Saturday, January 25, 2014
Simon Peter and Andrew, his brother, cast their nets into the sea one day as they did every day, but this day was different. James and John the sons of Zebedee, were in their boats mending their nets as they often did just as a matter of routine, but this day was different. On this day Jesus said “Follow me”. They put down their nets, they left their boat and their father immediately. The why’s and how’s of this immediacy are lost to us now but there was something about their encounter with Jesus that leant an immediacy to Jesus’ call to follow.
It is a matter of urgency that we listen and respond to that call just as the disciples did. It is on the masthead of all of our Diocesan printed matter; “Answering God’s urgent call”. This is no casual call. This is a matter of life and death; not just our own but of the life and death of the whole world.
It was for the sake of the world that Jesus came to us. We know the words by heart, “For God so loved the world that he gave his only begotten Son, so that everyone who believes in him may not perish but may have eternal life.” (John 3:16). This is a matter of life and death.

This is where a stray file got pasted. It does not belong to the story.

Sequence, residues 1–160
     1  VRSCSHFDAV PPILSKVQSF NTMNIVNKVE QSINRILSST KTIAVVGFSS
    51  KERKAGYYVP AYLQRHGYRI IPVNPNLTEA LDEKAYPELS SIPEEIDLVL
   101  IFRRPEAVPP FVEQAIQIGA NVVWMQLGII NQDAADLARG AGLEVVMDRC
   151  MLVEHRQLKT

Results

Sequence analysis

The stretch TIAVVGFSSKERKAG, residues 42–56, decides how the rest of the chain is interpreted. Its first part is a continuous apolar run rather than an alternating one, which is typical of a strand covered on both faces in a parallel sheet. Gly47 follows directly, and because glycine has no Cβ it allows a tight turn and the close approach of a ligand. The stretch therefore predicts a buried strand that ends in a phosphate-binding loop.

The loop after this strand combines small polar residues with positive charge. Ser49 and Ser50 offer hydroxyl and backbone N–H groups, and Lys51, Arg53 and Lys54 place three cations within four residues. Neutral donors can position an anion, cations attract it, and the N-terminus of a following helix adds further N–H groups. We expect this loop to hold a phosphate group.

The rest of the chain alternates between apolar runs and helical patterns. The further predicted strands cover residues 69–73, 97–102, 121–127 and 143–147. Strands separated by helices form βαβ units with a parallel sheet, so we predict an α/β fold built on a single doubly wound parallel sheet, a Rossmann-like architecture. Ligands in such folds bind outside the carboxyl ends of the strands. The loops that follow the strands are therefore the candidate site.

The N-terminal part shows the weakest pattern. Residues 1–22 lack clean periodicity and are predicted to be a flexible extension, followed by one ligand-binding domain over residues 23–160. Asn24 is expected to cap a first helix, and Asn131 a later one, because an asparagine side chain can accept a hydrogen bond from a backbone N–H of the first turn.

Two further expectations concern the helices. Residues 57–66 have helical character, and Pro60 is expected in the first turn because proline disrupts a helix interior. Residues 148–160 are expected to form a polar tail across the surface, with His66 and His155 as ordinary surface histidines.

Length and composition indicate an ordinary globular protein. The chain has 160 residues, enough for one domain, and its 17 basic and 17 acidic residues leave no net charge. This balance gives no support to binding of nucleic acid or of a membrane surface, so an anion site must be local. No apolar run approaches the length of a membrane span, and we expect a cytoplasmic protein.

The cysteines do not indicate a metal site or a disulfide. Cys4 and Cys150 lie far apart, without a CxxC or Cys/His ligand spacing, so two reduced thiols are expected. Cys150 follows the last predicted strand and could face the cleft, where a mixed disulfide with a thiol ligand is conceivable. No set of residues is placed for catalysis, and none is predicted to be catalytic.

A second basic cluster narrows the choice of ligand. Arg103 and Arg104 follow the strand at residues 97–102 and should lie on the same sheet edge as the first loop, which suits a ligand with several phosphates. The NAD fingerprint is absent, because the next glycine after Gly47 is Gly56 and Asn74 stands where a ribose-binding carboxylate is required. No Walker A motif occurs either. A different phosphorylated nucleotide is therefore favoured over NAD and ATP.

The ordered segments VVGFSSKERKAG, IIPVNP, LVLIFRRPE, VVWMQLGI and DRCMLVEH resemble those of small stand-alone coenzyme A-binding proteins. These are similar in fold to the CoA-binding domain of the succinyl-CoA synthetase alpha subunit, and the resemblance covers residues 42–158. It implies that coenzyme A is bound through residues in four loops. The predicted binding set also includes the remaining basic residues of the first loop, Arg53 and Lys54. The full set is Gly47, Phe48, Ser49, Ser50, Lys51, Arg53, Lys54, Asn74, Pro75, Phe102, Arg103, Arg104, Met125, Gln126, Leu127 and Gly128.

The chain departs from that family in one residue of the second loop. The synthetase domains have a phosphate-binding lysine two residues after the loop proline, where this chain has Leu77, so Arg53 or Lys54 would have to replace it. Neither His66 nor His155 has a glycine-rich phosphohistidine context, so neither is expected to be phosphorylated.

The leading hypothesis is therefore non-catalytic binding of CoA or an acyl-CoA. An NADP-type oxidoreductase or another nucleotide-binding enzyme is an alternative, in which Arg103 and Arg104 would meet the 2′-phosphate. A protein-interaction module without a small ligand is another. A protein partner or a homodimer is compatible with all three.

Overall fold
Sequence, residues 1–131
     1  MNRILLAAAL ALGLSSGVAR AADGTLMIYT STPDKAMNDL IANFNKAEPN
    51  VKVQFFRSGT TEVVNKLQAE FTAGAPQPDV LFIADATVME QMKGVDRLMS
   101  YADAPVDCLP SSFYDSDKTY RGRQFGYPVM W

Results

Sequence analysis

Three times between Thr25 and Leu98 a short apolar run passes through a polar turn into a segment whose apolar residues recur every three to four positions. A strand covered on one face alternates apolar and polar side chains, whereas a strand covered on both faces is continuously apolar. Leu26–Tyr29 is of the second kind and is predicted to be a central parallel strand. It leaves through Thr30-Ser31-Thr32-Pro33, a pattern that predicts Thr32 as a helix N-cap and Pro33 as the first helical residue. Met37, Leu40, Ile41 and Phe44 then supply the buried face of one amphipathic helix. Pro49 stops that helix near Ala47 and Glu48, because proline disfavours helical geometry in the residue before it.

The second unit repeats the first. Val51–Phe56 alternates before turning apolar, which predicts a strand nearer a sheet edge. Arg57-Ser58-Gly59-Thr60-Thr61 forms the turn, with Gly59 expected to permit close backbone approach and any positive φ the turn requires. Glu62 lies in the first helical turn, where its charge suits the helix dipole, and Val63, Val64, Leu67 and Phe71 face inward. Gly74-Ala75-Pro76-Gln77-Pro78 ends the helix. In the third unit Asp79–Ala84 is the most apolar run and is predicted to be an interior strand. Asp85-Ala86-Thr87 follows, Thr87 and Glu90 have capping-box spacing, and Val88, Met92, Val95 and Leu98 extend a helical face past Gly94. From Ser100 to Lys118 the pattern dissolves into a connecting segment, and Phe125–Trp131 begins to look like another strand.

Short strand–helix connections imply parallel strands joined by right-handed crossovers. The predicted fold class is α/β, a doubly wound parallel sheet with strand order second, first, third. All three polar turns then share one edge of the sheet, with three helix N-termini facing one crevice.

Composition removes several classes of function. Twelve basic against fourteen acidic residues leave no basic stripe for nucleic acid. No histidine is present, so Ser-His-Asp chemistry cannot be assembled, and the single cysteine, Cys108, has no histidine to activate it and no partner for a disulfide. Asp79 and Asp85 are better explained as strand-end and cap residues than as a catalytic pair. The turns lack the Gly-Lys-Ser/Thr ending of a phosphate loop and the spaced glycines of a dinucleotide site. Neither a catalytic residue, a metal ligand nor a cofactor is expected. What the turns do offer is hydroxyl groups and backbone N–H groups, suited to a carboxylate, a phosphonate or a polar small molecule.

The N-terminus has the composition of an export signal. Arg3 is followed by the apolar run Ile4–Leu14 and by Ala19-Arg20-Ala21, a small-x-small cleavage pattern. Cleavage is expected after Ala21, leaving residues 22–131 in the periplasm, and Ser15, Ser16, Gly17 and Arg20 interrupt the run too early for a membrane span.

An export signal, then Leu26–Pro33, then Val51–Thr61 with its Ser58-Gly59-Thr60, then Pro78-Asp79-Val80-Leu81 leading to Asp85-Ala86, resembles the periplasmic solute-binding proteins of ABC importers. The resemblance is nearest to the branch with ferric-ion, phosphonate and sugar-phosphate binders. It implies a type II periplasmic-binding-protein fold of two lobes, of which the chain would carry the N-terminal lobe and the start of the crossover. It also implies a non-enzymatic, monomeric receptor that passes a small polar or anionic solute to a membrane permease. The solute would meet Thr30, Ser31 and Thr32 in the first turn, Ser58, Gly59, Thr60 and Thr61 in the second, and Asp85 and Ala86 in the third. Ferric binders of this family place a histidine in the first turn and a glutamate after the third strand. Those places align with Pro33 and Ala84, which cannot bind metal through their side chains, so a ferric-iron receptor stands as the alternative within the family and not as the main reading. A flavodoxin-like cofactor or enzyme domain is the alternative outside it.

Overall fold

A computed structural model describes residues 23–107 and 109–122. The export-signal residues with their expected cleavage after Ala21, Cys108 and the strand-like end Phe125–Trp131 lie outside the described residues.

How appropriate that it is in this biblical context that we come to this congregation’s Annual Meeting. For it is on this day that you and I are called to answer God’s urgent invitation; “Come follow me and I will make you fishers of men, women and children.”
Gone fishing! What more fun is there for anybody than to go fishing. Not that I’m into fishing but I can see why there are those who love the sport. It is relaxing. It is beautiful. We are surrounded by God’s beauty, invigorated by the bracing refreshment of the winds, and lulled to peace by the call of the gulls. Just now at this particular time of year, those images might be a bitt too invigorating and much too chilling, and no doubt startled at how those gulls set themselves in those fish freezing waves, as it it were just another day.